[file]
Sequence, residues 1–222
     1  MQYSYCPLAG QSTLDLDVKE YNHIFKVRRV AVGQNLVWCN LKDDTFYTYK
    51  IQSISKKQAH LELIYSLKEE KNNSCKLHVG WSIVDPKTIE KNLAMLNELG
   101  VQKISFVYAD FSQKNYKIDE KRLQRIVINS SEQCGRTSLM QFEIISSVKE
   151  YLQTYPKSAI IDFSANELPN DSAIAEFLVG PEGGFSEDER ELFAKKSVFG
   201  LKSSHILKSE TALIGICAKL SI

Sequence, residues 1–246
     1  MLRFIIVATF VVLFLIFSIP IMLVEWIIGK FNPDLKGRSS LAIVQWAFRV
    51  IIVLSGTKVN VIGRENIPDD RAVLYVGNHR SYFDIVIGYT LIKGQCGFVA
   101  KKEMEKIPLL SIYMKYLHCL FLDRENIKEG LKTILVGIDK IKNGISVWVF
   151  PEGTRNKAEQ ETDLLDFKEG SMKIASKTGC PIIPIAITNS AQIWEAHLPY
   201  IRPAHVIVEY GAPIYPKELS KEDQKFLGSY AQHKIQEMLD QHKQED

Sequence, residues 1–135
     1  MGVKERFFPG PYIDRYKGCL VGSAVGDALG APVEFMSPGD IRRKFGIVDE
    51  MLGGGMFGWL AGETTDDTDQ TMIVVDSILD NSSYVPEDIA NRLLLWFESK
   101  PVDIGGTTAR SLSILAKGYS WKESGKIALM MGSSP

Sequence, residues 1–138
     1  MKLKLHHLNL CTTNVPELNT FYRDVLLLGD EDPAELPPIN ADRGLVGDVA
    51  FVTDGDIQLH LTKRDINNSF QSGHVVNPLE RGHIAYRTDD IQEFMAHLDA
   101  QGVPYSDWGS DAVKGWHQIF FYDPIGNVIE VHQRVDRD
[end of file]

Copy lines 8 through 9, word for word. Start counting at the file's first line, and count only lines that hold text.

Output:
     1  MLRFIIVATF VVLFLIFSIP IMLVEWIIGK FNPDLKGRSS LAIVQWAFRV
    51  IIVLSGTKVN VIGRENIPDD RAVLYVGNHR SYFDIVIGYT LIKGQCGFVA